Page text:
Ethan Allen Hitchcock.

Remarks upon alchemy and the alchemists : indicating a method of discovering the true nature of hermetic philosophy : and showing that the search after the philosopher's stone had not for its object the discovery of an agent for the transmutation of metals : being also an attempt to rescue from unde online

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Online LibraryEthan Allen HitchcockRemarks upon alchemy and the alchemists : indicating a method of discovering the true nature of hermetic philosophy : and showing that the search after the philosopher's stone had not for its object the discovery of an agent for the transmutation of metals : being also an attempt to rescue from unde → online text (page 11 of 16)
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ning or " base " of the " Great Work." When the I
man is by a due process and without violence i
brought into a Unity with himself, so that his intel- i
lect and will work in harmony, he is prepared to S
understand that higher Unity which is the perfec- i
tion of the whole of nature ; for w^iat is called the • j
" absolute," the " absolute perfection," and the per- ]
fection of nature, are one and the same ; which can t i
never be understood except by a process in nature } fi
itself proper to it. In no case is there any viola- 1 1
tion of nature, and, as these writers are perpetually j i
repeating, " men do not gather gi*apes of thorns, or S ,
figs of thistles." I

The whole of this epistle of Bernard is a grave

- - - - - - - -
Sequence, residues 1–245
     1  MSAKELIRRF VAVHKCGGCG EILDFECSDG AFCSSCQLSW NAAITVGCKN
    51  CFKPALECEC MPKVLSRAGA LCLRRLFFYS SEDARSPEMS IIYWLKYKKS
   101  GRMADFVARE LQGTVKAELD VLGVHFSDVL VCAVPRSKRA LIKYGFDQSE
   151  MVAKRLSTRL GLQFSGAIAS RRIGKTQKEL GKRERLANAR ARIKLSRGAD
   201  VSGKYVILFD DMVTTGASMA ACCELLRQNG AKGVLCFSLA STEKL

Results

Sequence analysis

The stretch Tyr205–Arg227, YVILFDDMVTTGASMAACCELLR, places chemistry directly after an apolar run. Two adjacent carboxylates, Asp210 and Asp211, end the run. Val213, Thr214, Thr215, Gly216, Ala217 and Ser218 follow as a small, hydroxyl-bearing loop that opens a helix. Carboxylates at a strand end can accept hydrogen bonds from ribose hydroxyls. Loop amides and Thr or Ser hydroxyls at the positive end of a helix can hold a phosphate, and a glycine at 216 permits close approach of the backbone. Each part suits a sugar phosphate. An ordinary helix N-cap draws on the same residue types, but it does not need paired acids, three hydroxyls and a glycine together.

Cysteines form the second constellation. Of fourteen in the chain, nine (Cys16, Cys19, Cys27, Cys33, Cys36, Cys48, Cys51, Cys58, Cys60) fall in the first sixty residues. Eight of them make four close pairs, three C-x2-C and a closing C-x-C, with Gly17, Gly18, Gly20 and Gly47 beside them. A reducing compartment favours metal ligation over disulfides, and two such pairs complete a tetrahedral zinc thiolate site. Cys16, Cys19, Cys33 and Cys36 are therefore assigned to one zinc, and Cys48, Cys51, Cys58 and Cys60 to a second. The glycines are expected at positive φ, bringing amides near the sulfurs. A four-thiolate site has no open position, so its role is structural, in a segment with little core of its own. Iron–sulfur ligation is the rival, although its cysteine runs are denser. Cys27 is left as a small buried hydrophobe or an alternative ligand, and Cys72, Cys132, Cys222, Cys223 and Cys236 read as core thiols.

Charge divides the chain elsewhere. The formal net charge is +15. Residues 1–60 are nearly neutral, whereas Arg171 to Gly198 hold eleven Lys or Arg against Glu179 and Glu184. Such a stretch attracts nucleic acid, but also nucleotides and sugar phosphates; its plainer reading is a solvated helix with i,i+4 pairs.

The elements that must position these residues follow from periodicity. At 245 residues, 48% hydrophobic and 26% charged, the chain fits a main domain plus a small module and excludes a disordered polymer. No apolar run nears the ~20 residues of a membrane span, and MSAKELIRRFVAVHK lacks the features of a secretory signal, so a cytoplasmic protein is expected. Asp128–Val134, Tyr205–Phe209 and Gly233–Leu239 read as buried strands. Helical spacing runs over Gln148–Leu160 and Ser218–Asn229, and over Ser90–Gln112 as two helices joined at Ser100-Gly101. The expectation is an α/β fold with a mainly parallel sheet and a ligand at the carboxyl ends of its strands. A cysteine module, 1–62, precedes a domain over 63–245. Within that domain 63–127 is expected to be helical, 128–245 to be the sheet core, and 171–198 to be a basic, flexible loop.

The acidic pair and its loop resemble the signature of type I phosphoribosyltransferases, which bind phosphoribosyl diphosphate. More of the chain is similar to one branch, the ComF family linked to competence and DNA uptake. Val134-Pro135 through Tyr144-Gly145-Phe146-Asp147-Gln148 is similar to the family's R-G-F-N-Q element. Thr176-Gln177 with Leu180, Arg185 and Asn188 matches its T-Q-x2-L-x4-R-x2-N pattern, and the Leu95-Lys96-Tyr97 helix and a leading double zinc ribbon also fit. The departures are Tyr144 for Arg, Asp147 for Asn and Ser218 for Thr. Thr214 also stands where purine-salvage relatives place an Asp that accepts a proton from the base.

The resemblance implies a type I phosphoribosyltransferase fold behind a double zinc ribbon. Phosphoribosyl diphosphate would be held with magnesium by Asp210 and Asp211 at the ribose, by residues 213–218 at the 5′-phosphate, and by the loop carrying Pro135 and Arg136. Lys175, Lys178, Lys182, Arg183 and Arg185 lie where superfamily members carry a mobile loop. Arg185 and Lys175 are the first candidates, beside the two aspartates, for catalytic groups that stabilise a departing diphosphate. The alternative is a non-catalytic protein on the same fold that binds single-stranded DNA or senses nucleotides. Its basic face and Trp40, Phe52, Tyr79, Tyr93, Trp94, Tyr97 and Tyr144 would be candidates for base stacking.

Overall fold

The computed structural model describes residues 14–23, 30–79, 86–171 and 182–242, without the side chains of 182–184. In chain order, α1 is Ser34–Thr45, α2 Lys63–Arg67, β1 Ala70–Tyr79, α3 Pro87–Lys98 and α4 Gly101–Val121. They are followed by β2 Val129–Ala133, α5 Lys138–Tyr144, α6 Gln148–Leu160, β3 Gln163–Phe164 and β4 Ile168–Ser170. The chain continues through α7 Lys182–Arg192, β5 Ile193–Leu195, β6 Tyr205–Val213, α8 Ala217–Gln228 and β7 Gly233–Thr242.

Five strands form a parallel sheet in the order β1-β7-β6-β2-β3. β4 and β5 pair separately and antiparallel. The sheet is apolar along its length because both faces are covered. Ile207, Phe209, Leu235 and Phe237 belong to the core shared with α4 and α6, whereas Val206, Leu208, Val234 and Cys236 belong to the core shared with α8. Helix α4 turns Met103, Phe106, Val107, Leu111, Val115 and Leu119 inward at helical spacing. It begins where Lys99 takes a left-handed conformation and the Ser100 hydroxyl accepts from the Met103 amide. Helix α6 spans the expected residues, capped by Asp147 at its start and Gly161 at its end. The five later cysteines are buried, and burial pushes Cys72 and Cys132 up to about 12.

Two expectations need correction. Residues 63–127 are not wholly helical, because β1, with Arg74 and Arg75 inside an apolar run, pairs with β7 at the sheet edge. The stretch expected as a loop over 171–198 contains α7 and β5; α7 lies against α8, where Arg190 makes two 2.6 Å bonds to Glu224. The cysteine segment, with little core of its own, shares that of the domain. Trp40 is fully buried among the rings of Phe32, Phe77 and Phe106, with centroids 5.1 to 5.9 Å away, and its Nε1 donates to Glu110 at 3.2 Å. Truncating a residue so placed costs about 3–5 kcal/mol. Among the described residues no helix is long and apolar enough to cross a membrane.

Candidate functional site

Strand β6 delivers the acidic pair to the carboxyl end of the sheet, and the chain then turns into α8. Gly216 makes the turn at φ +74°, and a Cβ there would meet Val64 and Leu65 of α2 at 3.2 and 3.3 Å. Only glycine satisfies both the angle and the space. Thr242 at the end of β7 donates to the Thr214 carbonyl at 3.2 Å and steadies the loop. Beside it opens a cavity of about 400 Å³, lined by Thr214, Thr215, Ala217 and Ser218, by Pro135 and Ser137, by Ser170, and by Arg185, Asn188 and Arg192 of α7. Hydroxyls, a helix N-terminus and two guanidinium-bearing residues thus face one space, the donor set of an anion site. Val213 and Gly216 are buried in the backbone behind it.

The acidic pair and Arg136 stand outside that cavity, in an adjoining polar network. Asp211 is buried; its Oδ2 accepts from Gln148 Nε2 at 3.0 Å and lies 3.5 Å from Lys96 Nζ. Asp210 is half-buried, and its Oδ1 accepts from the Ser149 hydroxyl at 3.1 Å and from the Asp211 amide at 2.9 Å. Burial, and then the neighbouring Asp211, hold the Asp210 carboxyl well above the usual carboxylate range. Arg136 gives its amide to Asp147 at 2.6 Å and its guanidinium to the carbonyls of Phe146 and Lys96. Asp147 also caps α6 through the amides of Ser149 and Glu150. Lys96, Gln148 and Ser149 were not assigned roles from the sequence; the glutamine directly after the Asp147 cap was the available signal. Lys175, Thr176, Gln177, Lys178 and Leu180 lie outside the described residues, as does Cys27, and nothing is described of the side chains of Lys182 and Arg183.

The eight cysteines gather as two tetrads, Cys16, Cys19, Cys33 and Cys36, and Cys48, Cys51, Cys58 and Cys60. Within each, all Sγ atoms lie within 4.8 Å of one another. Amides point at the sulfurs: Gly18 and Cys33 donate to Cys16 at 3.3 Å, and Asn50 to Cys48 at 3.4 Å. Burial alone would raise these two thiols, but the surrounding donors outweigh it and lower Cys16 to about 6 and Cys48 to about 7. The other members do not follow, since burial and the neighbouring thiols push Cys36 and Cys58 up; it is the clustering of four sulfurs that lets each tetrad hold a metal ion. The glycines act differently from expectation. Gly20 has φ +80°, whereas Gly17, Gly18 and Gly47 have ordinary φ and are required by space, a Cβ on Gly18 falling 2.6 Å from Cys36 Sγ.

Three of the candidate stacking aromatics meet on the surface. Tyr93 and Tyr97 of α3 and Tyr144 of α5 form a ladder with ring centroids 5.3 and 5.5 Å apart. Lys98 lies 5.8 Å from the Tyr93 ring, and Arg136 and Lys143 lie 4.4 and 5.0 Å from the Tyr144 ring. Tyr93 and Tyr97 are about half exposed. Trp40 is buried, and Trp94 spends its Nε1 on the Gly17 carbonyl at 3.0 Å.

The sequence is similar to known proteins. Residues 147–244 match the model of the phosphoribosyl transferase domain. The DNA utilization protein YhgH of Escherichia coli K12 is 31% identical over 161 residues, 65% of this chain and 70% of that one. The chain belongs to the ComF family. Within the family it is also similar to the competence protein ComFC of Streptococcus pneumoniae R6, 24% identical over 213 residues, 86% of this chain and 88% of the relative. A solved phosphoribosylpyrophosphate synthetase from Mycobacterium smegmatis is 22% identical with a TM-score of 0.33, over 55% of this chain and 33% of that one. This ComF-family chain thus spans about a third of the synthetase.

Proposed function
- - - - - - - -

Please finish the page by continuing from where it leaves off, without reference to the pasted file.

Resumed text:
discussion upon the nature of man, and yet it is all
carried on in the symbolic language, no doubt per-
fectly understood by the adepts of the time, when
those who used the language had opportunities of
personal intercourse in which full explanations
could be made without interruption from the In-
quisition or its emissaries.

Occasionally some of the philosophers, and I
take it not the best of them, carried away not
precisely by philosophy (i. e. reason), but by a pas-
sion or enthusiasm for it, spoke too openly, and
brought themselves into danger, and many fell


, victims to the most relentless spirit that ever dis-
turbed the world.

Let any one, with the above explanations, read
the epistle of Bernard of Treves, the " good Treyi-
, san," and then turn to that farrago of nonsensical
; stories collected by the misemployed industry of
: Dr. Mackay, LL. D., as " Memoirs " of a man who
, spent his whole life in the pursuit of truth and
, goodness, and he must be struck with the absurd
position of the historian.
Dr. Mackay undertook to write " Memoirs of
; Extraordinary Popular Delusions." I would recom-
mend that, before publishing another edition of his
work, he would endeavor to understand the delusion
of almost the whole world in regard to the object
of the Alchemists, in which he himself has shared.
The Alchemists themselves were under no delusion,
but were the philosophers of the world when philos-
i ophy could not speak openly.

f To show the necessity of esoteric writing we
need only look at the fate of Vanini, and Bruno,
' and thousands of others, burned at the stake, or
j otherwise cruelly destroyed, by the ignorant priest-
hood of the time ; and why ? because

" Out of their heart's fulness they needs must gabble,
And show their thoughts and feelings to the rabble."

{Brooks, translation of Faust.)


Of Vanini, Gorton says : —

" Being suspected of inculcating atheistical opin- I
ions, he was denounced, prosecuted, and condemned i
to have his tongue cut out, and to be burnt to' '